Preventive Medicine and Community Health

A career in preventative medicine and community health involves promoting good health and disease prevention among large populations. Learn about job options, education programs, employment outlook and salaries for this field.

Is Preventive Medicine and Community Health for Me?

Career Summary

Preventive medicine and community health focuses on promoting human health and reducing health risks through disease prevention, education and other public health services. This interdisciplinary field combines aspects of public health administration with the medical field. Preventive medicine is one of 24 recognized specialties by the American Board of Medical Specialties (ABMS).

Employment Possibilities

This broad field yields a variety of job opportunities. You might work in public health administration, lobbying for policy changes, or get a laboratory job researching the properties of disease. With the right medicine training, you might work as a medical doctor specializing in clinical preventative medicine. As a clinician, your focus could be on identifying and reducing health risks or implementing immunization programs.

Salaries and Job Outlook

According to the U.S. Bureau of Labor Statistics (BLS), job opportunities for community health workers are projected to increase by 25% between 2012 and 2022 ( Physicians can expect to see growth of 18% during that same period. As reported by the BLS in 2013, community health workers earned a median annual salary of $34,610. As a public health specialist, you might expect to earn between $31,799 and $79,529 per year, according to in July 2014. The median annual salary for physicians working in preventative medicine was $190,000, also reported by

How Can I Work in Preventive Medicine and Community Health?

Education Information

The type of training you need to work in preventative medicine and community health depends upon the type of job you want to pursue. Bachelor's degree programs in public and community health are available and can lead to work as a community health worker or public health specialist. Many research positions are likely to require at least a master's degree, though.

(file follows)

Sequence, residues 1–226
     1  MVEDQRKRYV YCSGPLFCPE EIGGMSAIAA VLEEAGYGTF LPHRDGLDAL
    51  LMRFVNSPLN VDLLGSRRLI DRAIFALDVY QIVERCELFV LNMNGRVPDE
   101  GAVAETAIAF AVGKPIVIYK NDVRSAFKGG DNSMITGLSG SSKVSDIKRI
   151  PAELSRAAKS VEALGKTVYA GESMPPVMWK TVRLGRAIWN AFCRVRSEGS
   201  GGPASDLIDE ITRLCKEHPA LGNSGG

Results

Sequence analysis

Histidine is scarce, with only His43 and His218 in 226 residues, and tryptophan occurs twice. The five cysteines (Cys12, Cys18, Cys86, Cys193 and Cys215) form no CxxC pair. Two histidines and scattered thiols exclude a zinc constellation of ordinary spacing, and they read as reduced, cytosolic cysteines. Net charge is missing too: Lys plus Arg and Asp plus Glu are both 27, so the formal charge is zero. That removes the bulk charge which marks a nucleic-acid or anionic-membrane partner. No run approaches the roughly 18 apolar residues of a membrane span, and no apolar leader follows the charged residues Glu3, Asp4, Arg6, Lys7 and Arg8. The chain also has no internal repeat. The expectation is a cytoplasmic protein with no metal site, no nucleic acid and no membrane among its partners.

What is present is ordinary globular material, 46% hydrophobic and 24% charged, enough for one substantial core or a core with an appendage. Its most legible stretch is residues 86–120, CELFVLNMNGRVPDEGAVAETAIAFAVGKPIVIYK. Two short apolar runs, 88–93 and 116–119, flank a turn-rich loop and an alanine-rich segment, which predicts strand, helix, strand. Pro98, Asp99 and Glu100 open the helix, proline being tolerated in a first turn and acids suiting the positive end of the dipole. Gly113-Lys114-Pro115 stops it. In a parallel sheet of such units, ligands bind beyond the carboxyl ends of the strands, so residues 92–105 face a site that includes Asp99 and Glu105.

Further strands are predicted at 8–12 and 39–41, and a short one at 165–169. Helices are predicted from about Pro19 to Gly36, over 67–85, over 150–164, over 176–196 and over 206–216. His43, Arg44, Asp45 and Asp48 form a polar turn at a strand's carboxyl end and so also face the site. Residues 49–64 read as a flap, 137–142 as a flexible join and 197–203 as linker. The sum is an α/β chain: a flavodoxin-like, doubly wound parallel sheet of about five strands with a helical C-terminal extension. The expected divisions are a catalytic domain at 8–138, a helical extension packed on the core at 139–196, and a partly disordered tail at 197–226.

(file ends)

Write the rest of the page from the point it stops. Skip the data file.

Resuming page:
Many schools offer Master of Public Health (MPH) programs designed for physicians, nurses and other healthcare workers interested in preventive medicine and community health. Some schools also offer dual degree programs that allow you to earn both your Doctor of Medicine (M.D.) and MPH in as little as five years. Public health doctoral programs are available as well.

Graduate Studies

On its own, a master's degree program in public health is likely to require two years of full-time study to complete. You'll need a bachelor's degree for entrance, but it doesn't necessary have to be in public health. You might take courses in environmental health, toxicology, social and behavioral theory, health policy, health promotion, epidemiological methods, biostatistics and medical ethics. You may also be required to complete a research thesis or applied capstone project, as well as a supervised public health experience. Many schools offer specializations in areas such as health policy management, social sciences, behavioral sciences and epidemiology. Some schools allow you to earn an MPH online.

Residency Programs

If you want to work in preventive medicine, you'd need to complete the necessary medical training to become a physician. You'd then be qualified to complete a preventive medicine residency program. After completing a residency program, you could work in clinical practice, but you might also find jobs in industry, education or government health agencies.

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